The first Black football captain of the Fighting Illini, Bill Burrell finished fourth in Heisman Trophy voting and was a consensus All-American senior linebacker in 1959. The Chicago Tribune further honored Burrell that year with its Silver Football Award as the Big Ten’s MVP. Burrell was a three-time First-Team All–Big Ten selection and earned All-American honors in 1958. He was drafted by the AFL Buffalo Bills in 1960, as well as in the fifth round of the NFL Draft by the St. Louis Cardinals, but chose to join the Canadian Football League. Burrell played five seasons for the Saskatchewan Roughriders as a linebacker and offensive guard and was the team’s nominee for the 1960 Schenley Award as Outstanding Lineman. In 1990, he was named to the Illinois All-Century Football Team. Burrell died in 1998 at age 61, and in 2017, the football field at Central High School in his hometown of Clifton, Ill., was named Bill Burrell Field.
Track and Field, 1993-96
Dawn Riley was an eight-time All-American and a seven-time Big Ten champion for the Illinois women’s track and field team, winning the Big Ten Medal of Honor in 1996. She helped the Illini win Big Ten indoor track and field titles in 1993, 1995 and 1996, and an outdoor track and field title in 1995. Altogether, the Illini were runners-up in every Big Ten Championship they didn’t win during Riley’s four years at the U of I. Illinois also had two top-five finishes at the NCAA Outdoor Championships in both 1995 and 1996. In the individual wins category, Riley finished third in the 55-meter hurdles in the 1996 NCAA Indoor meet and sixth in the 100-meter hurdles in the Outdoor meet that year. She also finished fourth in the Indoor NCAA 800-meter in 1995.
Representing Canada, Emily Zurrer helped her squad to a bronze medal in the 2012 London Olympics, her second Olympic Games appearance. She became the first Illini soccer player to compete in the Olympics in 2008 when she joined the Canadian squad in Beijing, starting all four games. While at Illinois, Zurrer earned All-American honors three consecutive years (2006–08) and was a First-Team All–Big Ten selection her final three seasons after being named to the All-Freshman squad in 2005. She also was named Big Ten Co-Defensive Player of the Year her sophomore season. During her tenure as a Fighting Illini defender, the team had 42 shutouts and gave up the third-fewest goals in program history in 2008, allowing just 19. Zurrer helped the Illini make four straight NCAA Tournament appearances, including Sweet 16 berths in 2006 and 2008. In her senior year, Zurrer was the 2009 Big Ten Medal of Honor selection from Illinois. She played professionally in Canada, Germany, Sweden and the U.S., and now works as a realtor in British Columbia, Canada.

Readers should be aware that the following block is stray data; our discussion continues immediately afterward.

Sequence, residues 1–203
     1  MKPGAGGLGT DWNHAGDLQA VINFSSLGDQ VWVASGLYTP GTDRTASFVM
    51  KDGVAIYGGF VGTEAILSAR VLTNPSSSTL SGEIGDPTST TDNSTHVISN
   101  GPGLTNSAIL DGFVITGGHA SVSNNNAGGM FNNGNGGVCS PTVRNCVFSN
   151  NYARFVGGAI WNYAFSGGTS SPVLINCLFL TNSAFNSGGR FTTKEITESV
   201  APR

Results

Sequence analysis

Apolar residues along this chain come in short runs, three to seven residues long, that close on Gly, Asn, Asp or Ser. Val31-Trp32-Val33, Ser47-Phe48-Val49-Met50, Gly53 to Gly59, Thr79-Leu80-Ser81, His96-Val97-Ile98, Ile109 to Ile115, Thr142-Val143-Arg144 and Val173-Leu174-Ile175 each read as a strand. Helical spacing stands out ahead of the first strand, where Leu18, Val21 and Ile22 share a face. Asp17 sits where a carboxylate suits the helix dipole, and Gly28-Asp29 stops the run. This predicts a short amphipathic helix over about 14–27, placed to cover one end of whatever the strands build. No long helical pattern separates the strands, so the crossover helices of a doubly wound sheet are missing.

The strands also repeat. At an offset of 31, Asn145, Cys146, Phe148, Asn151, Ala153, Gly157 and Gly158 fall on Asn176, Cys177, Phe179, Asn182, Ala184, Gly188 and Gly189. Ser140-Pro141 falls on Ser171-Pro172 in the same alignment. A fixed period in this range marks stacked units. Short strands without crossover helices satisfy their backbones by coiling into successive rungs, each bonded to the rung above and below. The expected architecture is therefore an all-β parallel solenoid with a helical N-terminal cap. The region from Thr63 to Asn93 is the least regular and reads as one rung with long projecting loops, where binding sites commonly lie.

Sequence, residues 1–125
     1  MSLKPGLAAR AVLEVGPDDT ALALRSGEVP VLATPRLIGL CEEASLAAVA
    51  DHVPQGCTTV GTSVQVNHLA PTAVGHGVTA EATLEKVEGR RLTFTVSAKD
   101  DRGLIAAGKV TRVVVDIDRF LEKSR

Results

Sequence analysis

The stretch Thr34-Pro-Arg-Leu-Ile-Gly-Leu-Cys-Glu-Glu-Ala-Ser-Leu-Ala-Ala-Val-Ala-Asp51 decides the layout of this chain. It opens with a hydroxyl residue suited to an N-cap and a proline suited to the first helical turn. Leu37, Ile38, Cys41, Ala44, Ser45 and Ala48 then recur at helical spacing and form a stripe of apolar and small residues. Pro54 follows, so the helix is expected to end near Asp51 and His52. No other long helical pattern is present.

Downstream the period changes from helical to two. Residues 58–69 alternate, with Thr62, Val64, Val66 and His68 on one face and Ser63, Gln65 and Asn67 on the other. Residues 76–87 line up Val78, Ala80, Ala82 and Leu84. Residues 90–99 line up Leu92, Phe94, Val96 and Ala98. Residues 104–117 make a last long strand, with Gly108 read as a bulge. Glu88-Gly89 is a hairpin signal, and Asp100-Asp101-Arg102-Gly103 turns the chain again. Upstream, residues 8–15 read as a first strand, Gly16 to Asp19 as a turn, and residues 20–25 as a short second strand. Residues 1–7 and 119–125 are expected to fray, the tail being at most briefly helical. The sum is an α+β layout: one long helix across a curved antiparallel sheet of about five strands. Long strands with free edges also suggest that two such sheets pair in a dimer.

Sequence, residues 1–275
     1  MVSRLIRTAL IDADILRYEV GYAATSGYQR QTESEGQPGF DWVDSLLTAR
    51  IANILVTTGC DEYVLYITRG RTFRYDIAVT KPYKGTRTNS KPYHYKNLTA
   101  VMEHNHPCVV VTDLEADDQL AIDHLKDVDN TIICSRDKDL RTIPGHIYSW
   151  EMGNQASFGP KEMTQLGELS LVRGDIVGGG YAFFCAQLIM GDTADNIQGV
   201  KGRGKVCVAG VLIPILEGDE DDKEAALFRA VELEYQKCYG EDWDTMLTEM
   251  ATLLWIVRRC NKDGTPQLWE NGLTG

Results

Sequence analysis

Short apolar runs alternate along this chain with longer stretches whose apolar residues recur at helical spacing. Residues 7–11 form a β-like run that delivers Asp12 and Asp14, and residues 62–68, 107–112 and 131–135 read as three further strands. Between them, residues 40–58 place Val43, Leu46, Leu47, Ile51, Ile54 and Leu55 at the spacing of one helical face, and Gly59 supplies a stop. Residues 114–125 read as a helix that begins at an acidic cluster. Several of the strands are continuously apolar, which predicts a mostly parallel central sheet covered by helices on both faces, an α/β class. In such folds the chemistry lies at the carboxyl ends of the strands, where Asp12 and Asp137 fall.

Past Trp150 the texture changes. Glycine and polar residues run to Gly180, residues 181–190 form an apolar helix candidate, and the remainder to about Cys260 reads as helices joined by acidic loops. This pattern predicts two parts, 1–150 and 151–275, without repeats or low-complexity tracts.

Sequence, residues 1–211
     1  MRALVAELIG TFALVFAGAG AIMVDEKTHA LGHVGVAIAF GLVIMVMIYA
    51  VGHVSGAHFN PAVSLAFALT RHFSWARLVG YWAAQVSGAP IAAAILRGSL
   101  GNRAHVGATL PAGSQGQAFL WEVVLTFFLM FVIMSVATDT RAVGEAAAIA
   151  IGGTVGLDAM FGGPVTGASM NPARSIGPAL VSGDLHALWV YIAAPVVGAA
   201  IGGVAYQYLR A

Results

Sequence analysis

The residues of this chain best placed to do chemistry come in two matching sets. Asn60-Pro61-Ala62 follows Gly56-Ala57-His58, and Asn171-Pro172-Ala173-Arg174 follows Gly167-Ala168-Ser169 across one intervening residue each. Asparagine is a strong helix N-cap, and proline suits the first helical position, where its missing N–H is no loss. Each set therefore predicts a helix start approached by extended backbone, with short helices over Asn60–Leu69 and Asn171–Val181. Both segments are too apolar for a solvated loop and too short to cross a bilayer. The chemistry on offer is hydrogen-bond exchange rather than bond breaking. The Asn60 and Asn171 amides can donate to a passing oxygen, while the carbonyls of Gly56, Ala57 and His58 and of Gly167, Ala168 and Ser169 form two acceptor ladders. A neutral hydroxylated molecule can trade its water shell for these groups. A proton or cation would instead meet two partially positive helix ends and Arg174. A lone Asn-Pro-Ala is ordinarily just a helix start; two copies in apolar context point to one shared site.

Women’s Track and Field Coach, 1970
Considered a pioneer in women’s track and field, Nell Jackson led the Illini women’s track and field team to the 1970 Association for Intercollegiate Athletics for Women National Championship, following a long championship career of her own. While still a student at Tuskegee (Ala.) Institute, Jackson was a member of the 1948 U.S. Olympics team, and competed in the first Pan American Games in 1951. Following her competitive career, Jackson returned to Tuskegee in 1953 to coach women’s track and field and to launch—and coach—the men’s swimming program in 1958. She went on to coach track and field at Illinois State University, Michigan State University and the University of Iowa, in addition to Illinois. Jackson was the first Black coach to be named head coach of a U.S. Olympic team, men’s or women’s, serving as the women’s track and field head coach in 1956 and 1972. She also was the first Black woman to serve on the U.S. Olympic Committee’s board of directors. Jackson was inducted into the USA Track and Field Hall of Fame in 1989.